- Some Things Inevitably Get Replaced – Bing Bong was once upon a time a very important part of Riley‘s life but as Riley grew older, Bing Bong was slowly chucked into long term memory and eventually replaced by an imaginary boyfriend (who “will die for Riley“).
- Some Things Just Stick In Our Heads, No Matter How Long It Has Been – That chewing gum commercial song keeps coming up in Riley‘s memories every now and then, whether she likes it or not. I think we all have some annoying-sounding commercial songs that we will always randomly recall, for no reason or rhyme, and we just can’t explain it.
- It Is OKAY To Be Sad – Joy had to go on a journey that took up most of the film to realise that. From the time Riley was born, Joy took pride in being the main emotion that Riley related to for most of her memories. Joy tried to prevent Sadness from being involved in Riley‘s emotions as much as she could, until Joy herself experienced some sorrow (I know this sounds confusing, but if you have watched the film, you will more or less understand) during her journey to get back to headquarters. It was only when Joy experienced some form of sadness herself did she find out that it is okay to be sad about some memories. It was also then that Joy drew strength from her sadness that she got her fighting spirit back to try to get out of the pit of lost memories.
- It is OKAY To Feel More Than One Emotion At A Time – Before Joy and Sadness got sucked out of headquarters, Riley only associated one emotion with each life event she recalled. By the end of the film, after Joy has learnt that Riley doesn’t have to feel Joy about everything, the memory balls for each life event starts to have more than one emotion in each one of them. Riley may have been sad about missing that goal but felt joy when her parents and her friends showed their love for her. Her emotions associated with that memory changed from one to more than one.
- The Leader Isn’t Always Right – In Riley‘s set of emotions, Joy seems to be the leader and is always telling the other emotions what to do. She particularly makes it a point to keep Sadness out as much as she can. She feels that she is always right, until she realised how Riley needed Sadness too. Sadness was the reason Riley aborted her plan to run back to Minnesota and go home to her parents.
- If We Don’t Speak Up, People Won’t Know What We Are Thinking About – Most of the film took place when Riley and her parents moved from Minnesota to San Fransisco; while Riley went through every emotion from Joy to Sadness to Disgust to Anger and to Fear, her parents were not aware of how she felt. That is, until she nearly took a bus back to Minnesota. Right before the bus went onto the Interstate Highway, Riley aborted her plan and went home. She ended up in a tearful embrace with her parents and finally told them about how she has been feeling about the family’s big move. It was also only then did Riley hear her parents say that they shared her sentiments.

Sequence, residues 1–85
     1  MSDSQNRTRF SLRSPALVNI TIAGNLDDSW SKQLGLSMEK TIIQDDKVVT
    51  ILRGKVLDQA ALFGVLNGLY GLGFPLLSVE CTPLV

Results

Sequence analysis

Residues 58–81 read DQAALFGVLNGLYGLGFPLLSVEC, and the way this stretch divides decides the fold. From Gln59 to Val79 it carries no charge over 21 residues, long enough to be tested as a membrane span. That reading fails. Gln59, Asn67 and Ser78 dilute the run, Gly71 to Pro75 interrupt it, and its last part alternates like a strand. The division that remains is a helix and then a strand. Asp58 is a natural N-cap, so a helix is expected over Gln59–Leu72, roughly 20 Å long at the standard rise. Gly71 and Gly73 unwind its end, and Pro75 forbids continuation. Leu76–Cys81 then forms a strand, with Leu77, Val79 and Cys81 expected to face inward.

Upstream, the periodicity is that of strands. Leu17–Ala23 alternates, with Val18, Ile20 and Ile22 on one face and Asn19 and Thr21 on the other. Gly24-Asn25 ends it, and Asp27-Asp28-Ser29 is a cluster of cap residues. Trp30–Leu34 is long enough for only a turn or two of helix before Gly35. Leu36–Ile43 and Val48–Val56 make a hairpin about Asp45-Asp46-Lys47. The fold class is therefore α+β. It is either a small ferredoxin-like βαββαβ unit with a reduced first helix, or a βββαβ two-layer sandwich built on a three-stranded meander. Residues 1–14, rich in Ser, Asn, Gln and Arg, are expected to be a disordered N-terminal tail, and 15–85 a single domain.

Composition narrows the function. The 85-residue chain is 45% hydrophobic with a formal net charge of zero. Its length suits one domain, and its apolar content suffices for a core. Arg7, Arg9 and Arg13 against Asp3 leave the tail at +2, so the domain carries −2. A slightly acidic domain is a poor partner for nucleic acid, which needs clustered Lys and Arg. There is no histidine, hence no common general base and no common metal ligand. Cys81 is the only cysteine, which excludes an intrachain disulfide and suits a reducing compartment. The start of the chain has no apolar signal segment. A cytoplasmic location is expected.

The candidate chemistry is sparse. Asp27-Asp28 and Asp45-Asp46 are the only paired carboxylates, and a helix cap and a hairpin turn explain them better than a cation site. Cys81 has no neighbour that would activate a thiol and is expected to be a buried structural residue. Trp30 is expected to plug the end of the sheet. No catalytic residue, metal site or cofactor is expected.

- There Is Always A Reason to Feel Negative About Something But There Is Also Always A Positive Point About It Too – When Riley first arrived in her new home in San Fransisco, all the emotions took turns to find fault with the new house and the new area. Disgust couldn’t stand the smell in the new house, Fear worried about strange noises he heard and Anger hated how San Fransisco “ruined pizza”. Joy managed to spin every situation around, however, so that Riley could find something to be happy about.
- Emotions Mature As We Grow, For Most People At Least – Simply compare Riley‘s set of emotions with that of her parents’.
Up to this point, I think I have made “Inside Out” sound like a movie for Psychology students. Yet the Pixar film has brought out all these things that are so true and yet so overlooked most of the time. If you still haven’t watched “Inside Out”, at least watch the trailer.
Some friends bought the “Inside Out” audio book for Phoebie on her birthday and she has been listening to it all day. The more she listened to it, the more lessons I uncovered from it. So here are some more points!
16. Some people will not see your worth/capabilities – Joy never understood why Riley needed Sadness. As a result, she didn’t see what Sadness could do for Riley.
17. Some people will always make you feel less of yourself – Because Joy didn’t understand Sadness’ worth, she would always tell Sadness to stand in a circle and stay away from the console. Sadness felt lousy about herself all the time because of that.
18. Everyone is capable of something, even when we cannot see it – Joy witnessed how Sadness talked to Bing Bong and couldn’t understand how Sadness made Bing Bong feel better by being sad. She only realized Sadness’ worth and capabilities when she was in the memory dump and saw the sad memory that led to a joyful memory.
And now, we are waiting excitedly for the DVD of the film to come out! 🙂